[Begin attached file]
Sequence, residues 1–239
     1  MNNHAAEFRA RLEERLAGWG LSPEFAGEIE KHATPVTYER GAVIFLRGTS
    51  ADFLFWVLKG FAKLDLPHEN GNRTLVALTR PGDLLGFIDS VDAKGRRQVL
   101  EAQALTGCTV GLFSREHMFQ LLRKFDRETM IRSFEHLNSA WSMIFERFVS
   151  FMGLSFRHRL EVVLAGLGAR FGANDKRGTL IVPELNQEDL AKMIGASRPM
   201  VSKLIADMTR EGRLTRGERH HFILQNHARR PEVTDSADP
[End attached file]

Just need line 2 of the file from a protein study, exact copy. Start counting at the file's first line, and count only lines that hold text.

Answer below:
     1  MNNHAAEFRA RLEERLAGWG LSPEFAGEIE KHATPVTYER GAVIFLRGTS